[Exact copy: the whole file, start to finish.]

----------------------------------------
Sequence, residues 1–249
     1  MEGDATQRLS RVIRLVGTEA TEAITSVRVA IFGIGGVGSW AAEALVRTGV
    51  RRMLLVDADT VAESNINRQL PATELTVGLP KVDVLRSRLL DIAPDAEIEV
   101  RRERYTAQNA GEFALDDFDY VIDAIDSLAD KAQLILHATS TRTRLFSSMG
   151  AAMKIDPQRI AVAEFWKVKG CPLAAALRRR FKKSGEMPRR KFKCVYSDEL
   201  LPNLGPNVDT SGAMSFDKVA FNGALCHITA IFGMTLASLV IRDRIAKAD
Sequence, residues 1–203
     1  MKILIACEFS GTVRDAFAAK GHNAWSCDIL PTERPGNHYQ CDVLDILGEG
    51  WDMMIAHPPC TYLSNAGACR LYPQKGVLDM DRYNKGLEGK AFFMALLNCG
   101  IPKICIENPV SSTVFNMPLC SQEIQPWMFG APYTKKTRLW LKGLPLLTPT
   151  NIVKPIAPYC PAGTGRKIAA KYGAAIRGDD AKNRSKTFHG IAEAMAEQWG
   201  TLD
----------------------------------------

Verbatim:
Sequence, residues 1–249
     1  MEGDATQRLS RVIRLVGTEA TEAITSVRVA IFGIGGVGSW AAEALVRTGV
    51  RRMLLVDADT VAESNINRQL PATELTVGLP KVDVLRSRLL DIAPDAEIEV
   101  RRERYTAQNA GEFALDDFDY VIDAIDSLAD KAQLILHATS TRTRLFSSMG
   151  AAMKIDPQRI AVAEFWKVKG CPLAAALRRR FKKSGEMPRR KFKCVYSDEL
   201  LPNLGPNVDT SGAMSFDKVA FNGALCHITA IFGMTLASLV IRDRIAKAD
Sequence, residues 1–203
     1  MKILIACEFS GTVRDAFAAK GHNAWSCDIL PTERPGNHYQ CDVLDILGEG
    51  WDMMIAHPPC TYLSNAGACR LYPQKGVLDM DRYNKGLEGK AFFMALLNCG
   101  IPKICIENPV SSTVFNMPLC SQEIQPWMFG APYTKKTRLW LKGLPLLTPT
   151  NIVKPIAPYC PAGTGRKIAA KYGAAIRGDD AKNRSKTFHG IAEAMAEQWG
   201  TLD